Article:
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How’s It Growing?

Making new garden beds with solarization

There is one good thing about this crazy hot weather; it's a great time to solarize! 

If you've been thinking about turning your lawn into a garden bed, this is the perfect year to do it. Solarizing is an organic way to get rid of grass and weeds in large areas. It can also help reduce pathogens in the soil. To solarize a new garden bed, follow these steps:

Remove plants and debris. If there's grass, mow it as low as you possibly can and water thoroughly. You can also apply 20 % horticultural vinegar over the top to really make those weeds mad. 

Use sheets of 2-4 ml clear painters plastic to cover the area you want to solarize. Avoid black or white plastic-it will not let as much heat through. Use rocks or bricks to weigh it down and make a good seal around the edges.

Let the sun do its magic! The downside is, you'll have to wait. It will take 6-12 weeks to really get everything nice and cooked.

When time is up, remove the plastic and either turn over the soil or remove any dead leftovers. Put a good layer of compost down.

If you are battling grass, put down thick layers of newspaper or cardboard in any open spots that are not going to be planted immediately. Don't forget to top it off with a thick layer of mulch!

Well that was rough...

Mexican Flame Vine- post Snowpocalypse

Here's a pretty, cheerful Mexican Flame vine to warm you up after last week's snowpocalypse!

We know many of you are wondering, "is my plant dead?". With temperatures as low and long lasting as we had this February, the answer is-time will tell. Have patience!

Some things may seem pretty bad now, but give them 4-6 weeks or so to push off burnt leaves and start putting on new buds.

Trees and Shrubs

Shade trees like Monterrey Oaks should be okay. They were getting ready to drop leaves for spring growth anyway. Many shrubs like Xylosma will probably make it too.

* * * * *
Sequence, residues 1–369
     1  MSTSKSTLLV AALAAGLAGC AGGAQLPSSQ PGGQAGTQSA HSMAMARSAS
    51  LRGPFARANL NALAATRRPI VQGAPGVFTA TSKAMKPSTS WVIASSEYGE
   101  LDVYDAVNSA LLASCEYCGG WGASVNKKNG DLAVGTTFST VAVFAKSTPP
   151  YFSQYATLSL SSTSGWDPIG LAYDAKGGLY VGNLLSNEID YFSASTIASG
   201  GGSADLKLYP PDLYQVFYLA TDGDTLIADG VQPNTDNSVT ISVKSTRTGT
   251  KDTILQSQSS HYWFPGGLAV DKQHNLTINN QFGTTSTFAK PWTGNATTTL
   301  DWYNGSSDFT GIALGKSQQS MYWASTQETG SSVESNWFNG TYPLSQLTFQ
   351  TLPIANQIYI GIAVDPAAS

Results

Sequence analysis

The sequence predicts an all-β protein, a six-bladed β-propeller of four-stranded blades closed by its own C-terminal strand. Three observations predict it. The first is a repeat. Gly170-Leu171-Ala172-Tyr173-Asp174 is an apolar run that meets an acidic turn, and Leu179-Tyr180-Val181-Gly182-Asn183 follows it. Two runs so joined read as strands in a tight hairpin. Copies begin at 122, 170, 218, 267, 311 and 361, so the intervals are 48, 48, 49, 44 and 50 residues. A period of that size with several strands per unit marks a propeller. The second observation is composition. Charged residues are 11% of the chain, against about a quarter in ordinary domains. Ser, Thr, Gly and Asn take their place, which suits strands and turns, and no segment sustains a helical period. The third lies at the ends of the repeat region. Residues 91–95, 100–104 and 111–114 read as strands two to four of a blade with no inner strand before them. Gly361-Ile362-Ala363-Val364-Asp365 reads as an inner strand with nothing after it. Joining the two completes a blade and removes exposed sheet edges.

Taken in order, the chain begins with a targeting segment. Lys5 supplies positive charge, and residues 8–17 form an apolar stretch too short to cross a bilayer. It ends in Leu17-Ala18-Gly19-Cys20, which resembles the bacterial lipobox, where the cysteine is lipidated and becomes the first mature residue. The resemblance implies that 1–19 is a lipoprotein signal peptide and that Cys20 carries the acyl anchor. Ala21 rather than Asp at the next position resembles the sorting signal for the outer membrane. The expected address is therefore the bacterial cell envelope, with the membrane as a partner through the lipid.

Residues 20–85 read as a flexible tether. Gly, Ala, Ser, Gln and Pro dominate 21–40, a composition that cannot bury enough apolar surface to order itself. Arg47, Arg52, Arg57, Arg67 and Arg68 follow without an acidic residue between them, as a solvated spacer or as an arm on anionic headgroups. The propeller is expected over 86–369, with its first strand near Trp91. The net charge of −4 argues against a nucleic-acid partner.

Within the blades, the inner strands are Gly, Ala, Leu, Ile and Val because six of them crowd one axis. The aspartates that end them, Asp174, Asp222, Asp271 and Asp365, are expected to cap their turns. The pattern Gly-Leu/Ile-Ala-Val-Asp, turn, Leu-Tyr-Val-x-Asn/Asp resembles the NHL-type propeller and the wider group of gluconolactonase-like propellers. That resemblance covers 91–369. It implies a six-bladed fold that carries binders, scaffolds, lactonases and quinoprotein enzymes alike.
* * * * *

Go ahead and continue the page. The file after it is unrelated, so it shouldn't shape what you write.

Palms and Citrus

Sagos and other palms? It might be a while. Wait a bit before pruning them, maybe in a few weeks. If the trunk is not mushy, you may see new fronds forming after a trim. Citrus may have some burnt leaves and branches, but all is not lost! Give them until mid April or so to put any new growth on.


Your roses needed a good haircut anyway. Get rid of any branches that are dead, dinky, damaged or diseased. Also look for any branches that may start rubbing together and trim those back. Open up the center of the plant a little too for nice growth this spring.


It's time to chop back your perennials. Tender ones may not come back, but give Lantana, salvias and Esperanza some time.

The Scratch Test

An easy way to tell if your plant is dead or just sleeping is the scratch test. Take a small knife or your finger nail and scrape the skin of the branches. If it's green inside, HOORAY! it's still alive.

If it's brown, white, dry and brittle inside, well... that's not a good sign. But make sure to check all the way down near the base of the plant too. Also remember that some plants will die all the way down to the root ball and may try to come back from there!

Is it Over Yet?

Are all the freezes over this year? The last average freeze date for our area is around March 13th. Maybe don't put the freeze cloth away just yet. The good news is that spring is on the way and the likelihood of another snowstorm in San Antonio is pretty low for awhile.